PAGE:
“Beloved, let us love one another, for love is from God, and whoever loves has been born of God and knows God. Anyone who does not love does not know God, because God is love.” – 1 John 4:7-8
Every time I point out that God is Love, and quote the verse in the New Testament that affirms this truth, someone will invariably try to counter this by saying, “Yes, but God is also wrathful!”
But, is God wrathful? Is that who God is?
First of all, whereas we have several verses in the Scripture that affirm that God IS love, and that love is one of God’s most enduring character traits, we have zero verses of Scripture that say that God IS wrath.
Love is God’s nature. Not only that, love is identified as being so analogous to God’s nature that the author of 1 John actually says that God IS love. Not that God is loving [though God is loving], and not that God sometimes chooses to respond with love [though God does that, too], but that God actually IS love.
Think about that. [I’ll wait].
Not only this, but we also have other verses where this same love of God [who is love] is expounded upon ad nauseam:
“Who shall separate us from the love of Christ? shall tribulation, or distress, or persecution, or famine, or nakedness, or peril, or sword?…Nay, in all these things we are more than conquerors through him that loved us. For I am persuaded, that neither death, nor life, nor angels, nor principalities, nor powers, nor things present, nor things to come, Nor height, nor depth, nor any other creature, shall be able to separate us from the love of God, which is in Christ Jesus our Lord.” – Romans 8:35-39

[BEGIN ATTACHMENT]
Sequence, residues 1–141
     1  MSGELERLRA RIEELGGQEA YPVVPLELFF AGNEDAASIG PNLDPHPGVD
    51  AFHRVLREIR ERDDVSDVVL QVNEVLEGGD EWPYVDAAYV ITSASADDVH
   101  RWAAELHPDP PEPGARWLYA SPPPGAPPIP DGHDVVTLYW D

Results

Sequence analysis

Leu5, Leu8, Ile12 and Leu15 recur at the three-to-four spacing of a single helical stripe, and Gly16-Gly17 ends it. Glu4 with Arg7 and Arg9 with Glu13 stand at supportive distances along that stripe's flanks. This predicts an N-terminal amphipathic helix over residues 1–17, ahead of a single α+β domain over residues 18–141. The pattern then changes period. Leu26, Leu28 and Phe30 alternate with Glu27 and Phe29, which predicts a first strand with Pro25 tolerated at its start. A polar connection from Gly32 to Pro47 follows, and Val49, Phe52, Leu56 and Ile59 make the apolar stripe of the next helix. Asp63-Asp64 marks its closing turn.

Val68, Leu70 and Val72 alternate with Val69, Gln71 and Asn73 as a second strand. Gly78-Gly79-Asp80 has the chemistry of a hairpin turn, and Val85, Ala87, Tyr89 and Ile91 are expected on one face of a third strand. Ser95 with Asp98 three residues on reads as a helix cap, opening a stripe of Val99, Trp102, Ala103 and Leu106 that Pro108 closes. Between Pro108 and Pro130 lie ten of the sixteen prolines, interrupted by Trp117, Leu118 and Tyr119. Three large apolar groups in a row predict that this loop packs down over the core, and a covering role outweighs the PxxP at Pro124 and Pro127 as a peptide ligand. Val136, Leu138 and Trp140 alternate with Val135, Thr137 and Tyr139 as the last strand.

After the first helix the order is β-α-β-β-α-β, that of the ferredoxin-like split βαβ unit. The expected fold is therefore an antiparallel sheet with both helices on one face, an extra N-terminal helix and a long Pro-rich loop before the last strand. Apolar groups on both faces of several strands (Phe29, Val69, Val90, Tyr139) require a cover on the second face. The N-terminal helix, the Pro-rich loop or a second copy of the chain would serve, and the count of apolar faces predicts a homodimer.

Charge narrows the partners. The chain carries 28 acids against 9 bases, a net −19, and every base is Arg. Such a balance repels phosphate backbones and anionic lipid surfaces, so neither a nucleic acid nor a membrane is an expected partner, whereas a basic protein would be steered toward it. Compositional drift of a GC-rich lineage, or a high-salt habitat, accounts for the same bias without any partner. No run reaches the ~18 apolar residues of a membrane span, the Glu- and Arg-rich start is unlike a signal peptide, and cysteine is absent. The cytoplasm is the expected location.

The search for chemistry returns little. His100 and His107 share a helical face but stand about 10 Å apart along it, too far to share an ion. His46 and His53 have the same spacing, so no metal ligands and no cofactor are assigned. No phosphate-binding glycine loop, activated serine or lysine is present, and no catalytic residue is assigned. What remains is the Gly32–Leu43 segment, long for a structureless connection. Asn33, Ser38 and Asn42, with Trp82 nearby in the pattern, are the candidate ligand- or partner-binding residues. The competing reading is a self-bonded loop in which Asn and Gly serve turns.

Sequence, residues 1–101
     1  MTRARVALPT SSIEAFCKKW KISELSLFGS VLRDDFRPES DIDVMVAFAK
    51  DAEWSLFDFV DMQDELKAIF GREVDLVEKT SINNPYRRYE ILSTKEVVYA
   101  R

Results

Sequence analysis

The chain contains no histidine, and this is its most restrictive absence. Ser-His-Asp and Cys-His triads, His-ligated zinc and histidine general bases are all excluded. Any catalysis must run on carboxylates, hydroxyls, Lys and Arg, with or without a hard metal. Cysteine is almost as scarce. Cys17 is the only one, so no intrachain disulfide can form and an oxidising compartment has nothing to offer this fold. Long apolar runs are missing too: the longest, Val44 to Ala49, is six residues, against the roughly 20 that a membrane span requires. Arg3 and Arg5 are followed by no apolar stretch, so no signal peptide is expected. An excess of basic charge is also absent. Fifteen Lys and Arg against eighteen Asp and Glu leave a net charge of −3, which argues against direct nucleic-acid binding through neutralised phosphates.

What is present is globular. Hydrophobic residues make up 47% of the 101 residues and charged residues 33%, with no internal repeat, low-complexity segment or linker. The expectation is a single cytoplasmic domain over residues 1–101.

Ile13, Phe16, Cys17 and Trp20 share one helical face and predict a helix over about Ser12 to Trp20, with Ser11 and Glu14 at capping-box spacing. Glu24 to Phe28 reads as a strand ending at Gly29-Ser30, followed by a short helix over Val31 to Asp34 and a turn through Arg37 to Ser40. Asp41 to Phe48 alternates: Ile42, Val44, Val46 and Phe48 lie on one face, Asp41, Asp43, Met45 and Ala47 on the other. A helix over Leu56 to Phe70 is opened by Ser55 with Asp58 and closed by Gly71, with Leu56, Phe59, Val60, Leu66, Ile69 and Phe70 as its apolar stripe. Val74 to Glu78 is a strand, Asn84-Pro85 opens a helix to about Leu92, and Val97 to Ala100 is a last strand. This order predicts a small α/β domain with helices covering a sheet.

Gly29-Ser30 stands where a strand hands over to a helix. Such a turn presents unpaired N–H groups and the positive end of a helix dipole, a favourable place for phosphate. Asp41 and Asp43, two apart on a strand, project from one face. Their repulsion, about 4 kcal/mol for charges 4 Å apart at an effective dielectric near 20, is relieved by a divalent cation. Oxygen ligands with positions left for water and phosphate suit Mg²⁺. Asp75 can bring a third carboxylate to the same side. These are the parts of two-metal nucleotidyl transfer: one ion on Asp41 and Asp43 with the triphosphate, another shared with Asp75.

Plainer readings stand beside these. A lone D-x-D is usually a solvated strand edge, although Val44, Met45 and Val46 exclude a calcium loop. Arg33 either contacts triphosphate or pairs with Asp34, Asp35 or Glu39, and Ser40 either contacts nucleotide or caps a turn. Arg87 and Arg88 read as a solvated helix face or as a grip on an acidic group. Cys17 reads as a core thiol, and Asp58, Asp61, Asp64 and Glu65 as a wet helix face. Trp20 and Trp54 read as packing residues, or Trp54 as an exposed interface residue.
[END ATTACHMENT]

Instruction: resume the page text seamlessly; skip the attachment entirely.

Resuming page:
“But God, being rich in mercy, because of the great love with which he loved us, even when we were dead in our trespasses, made us alive together with Christ—by grace you have been saved— and raised us up with him and seated us with him in the heavenly places in Christ Jesus, so that in the coming ages he might show the immeasurable riches of his grace in kindness toward us in Christ Jesus.” – Ephesians 2:4-7
“For this reason I bow my knees before the Father, from whom every family in heaven and on earth is named, that according to the riches of his glory he may grant you to be strengthened with power through his Spirit in your inner being, so that Christ may dwell in your hearts through faith—that you, being rooted and grounded in love, may have strength to comprehend with all the saints what is the breadth and length and height and depth, and to know the love of Christ that surpasses knowledge, that you may be filled with all the fullness of God.” – Ephesians 3:14-19
So, to summarize:
*God IS Love
*Nothing will ever separate us from God’s love
*God’ love higher, wider, longer and deeper than anyone could ever fully realize
*We should strive to comprehend this love that surpasses knowledge (which means we should experience it for ourselves)
And we haven’t even mentioned Paul’s opus on the qualities of love expounded upon in 1 Cor. 13 [the Love Chapter] where we learn that love:
*Keeps no record of wrongs
*Is patient, kind, and humble
*Is greater than faith or hope
*Will never fail or come to an end
Furthermore, if wrath was one of God’s character traits and attributes, then why isn’t it listed under the Fruits of the Spirit which are directly related to the nature of God imparted to us as we remain in relationship with God?